Theodore Dreiser’s The Financier is the story of Frank A. Cowperwood, a Philadelphia businessman who seems destined for greatness. Even as a young man Cowperwood excels in business with his calculating logic and aversion to risk. As he grows into his career as a fancier even his aptly suited personal traits cannot save him from the lure of money and power. In an attempt to feed his ever growing need for consumption Cowperwood becomes involved with some shady politicians and begins embezzling mutual funds. While playing the risky market he has dismissed as irrational his entire life, a panic causes Cowperwood’s misdealings to come to light. Identified as the scapegoat, Cowperwood is sent to jail even though he does not believe he has done nothing wrong. Upon his release Cowperwood puts his instincts to the test reentering the world of finance, only to emerge a millionaire once more.
Dreiser’s novel touches on two main themes of our class: the question of whether great leaders of business are born or made, and the role of morality in business.
It is clear from Cowperwood’s first introduction that Dreiser believes in the idea that inherent character defines an individual’s lot in life. Even as a young man Copperwood possessed business qualities like efficiency, directness, critical analysis, and self assuredness. “Curiously, after only three or four minutes of conversation with the boy, he sensed this marked quality of efficiency. Something told him he would do well.” (pp. 25) Despite the fact that Cowperwood is born with the qualities to be great, his success is still determined by his choices. As his wealth grows, his taste for material possessions intensifies and he becomes unable to deny himself any luxuries. Cowperwood looses site of his own rationalization because of his mounting greed. “The sight of his new house going up made Cowperwood feel of more weight in the world, and the possession of his suddenly achieved connection with the city treasurer was as though a wide door had been thrown open to the Elysian fields of opportunity.” (pp. 98) His desire for the finer things in life causes him to turn his back on his long standing belief that markets are irrational and therefore unwise investments. Dreiser is arguing that just because you are born to be great, that greatness is not guaranteed.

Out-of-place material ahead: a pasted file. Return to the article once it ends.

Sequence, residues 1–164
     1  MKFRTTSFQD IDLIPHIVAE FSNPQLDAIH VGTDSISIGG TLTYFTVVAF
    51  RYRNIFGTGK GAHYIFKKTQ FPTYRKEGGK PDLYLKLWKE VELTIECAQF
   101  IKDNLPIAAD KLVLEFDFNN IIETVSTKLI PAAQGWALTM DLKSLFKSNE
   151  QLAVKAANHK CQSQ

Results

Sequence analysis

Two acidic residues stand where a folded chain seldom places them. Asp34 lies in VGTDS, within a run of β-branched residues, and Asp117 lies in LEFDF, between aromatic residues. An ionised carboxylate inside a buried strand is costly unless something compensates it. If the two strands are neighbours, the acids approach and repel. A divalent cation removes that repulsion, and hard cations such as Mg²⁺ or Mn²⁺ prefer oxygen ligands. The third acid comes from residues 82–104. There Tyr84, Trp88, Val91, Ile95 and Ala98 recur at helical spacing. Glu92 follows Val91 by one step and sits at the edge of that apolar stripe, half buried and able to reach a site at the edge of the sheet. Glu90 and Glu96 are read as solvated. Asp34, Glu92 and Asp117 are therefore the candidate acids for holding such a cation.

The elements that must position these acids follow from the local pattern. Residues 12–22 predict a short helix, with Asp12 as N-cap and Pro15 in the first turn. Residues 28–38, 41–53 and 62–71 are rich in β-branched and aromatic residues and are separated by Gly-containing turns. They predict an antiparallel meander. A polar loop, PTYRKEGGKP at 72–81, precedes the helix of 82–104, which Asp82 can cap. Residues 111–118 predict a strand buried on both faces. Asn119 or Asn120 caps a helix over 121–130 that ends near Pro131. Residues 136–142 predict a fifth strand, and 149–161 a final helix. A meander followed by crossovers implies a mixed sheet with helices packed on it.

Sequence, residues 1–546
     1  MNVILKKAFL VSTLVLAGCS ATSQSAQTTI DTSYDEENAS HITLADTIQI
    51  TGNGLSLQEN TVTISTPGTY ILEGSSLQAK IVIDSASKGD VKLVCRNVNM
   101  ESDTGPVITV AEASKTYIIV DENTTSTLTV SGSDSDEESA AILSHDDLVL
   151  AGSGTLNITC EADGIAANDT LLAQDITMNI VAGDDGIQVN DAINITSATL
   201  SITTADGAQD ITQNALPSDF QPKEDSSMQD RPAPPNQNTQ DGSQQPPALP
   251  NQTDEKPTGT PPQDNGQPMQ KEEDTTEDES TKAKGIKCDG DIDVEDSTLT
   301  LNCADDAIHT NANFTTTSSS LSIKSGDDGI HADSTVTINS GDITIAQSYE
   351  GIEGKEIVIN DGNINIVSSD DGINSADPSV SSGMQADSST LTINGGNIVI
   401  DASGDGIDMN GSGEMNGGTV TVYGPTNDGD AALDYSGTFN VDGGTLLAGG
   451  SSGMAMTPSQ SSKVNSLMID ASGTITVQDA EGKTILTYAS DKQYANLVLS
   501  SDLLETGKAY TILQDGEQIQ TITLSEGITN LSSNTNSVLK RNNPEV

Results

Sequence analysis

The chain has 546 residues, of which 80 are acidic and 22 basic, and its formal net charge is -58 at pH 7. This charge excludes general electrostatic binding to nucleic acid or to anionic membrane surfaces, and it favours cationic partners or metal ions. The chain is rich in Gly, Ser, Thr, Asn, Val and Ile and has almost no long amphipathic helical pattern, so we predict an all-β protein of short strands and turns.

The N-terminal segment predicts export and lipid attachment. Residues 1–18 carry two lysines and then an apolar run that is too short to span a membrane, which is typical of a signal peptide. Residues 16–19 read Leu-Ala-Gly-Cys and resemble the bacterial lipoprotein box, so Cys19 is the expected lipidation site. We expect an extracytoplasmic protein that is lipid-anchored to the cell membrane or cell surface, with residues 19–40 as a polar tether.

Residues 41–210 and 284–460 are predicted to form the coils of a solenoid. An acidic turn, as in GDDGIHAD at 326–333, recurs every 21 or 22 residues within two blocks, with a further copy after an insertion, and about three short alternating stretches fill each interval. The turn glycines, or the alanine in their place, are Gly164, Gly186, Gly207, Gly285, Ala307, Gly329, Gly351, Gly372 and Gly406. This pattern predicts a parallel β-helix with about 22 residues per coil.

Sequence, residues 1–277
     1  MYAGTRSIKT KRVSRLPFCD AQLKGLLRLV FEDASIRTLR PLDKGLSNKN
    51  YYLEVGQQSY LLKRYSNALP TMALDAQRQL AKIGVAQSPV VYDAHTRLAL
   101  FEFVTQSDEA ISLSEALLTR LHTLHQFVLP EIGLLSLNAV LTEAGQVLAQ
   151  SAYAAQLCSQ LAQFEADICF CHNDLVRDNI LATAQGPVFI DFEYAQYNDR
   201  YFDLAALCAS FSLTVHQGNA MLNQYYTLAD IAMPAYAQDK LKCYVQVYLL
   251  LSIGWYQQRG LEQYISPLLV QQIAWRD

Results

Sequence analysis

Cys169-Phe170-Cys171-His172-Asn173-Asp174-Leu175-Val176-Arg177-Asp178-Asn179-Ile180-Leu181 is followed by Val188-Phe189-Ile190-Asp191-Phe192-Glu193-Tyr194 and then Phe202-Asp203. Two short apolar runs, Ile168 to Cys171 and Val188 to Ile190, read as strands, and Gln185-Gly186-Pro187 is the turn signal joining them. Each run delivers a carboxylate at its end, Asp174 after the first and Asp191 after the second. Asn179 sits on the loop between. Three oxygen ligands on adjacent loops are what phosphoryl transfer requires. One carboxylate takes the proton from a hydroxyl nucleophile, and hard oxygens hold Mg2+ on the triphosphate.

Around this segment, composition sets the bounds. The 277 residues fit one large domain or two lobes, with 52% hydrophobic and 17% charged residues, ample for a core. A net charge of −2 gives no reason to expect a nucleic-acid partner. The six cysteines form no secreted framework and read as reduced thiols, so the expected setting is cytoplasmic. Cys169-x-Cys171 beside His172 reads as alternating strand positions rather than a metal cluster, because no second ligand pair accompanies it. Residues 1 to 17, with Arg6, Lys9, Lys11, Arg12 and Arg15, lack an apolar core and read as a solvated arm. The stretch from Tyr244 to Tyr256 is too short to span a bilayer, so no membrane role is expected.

There is no morality in Dreiser’s Philadelphia. Nor is there lament at its absence. Cowperwood does not look at situations in a moral light of right and wrong, rather he enters into most affairs with a cost benefit analysis. He cares little about the politics of his time and is neutral on issues of slavery, infidelity, and embezzlement. “Cowperwood’s laissez-faire attitude” allowed him live with a “cold, direct, ‘I satisfy myself’” outlook on life. (pp. 268) It is for this reason that he cannot see his use of state funds for personal gain as wrong. Though he is caught and sent to jail, this is not a turning point in Cowperwood’s life. He leaves jail an unchanged man and immediately reenters the market, making back his millions. This is not a story of punishment and a search for moral consciousness, rather it is a statement on the cool, calculating, mechanical nature of the market and who is able to thrive in it. “A man, a real man, must never be an agent, a tool, or a gambler – acting for himself or for other – he must employ such. A real man – a financier – was never a tool. He used tools. He created. He led.” (pp. 42)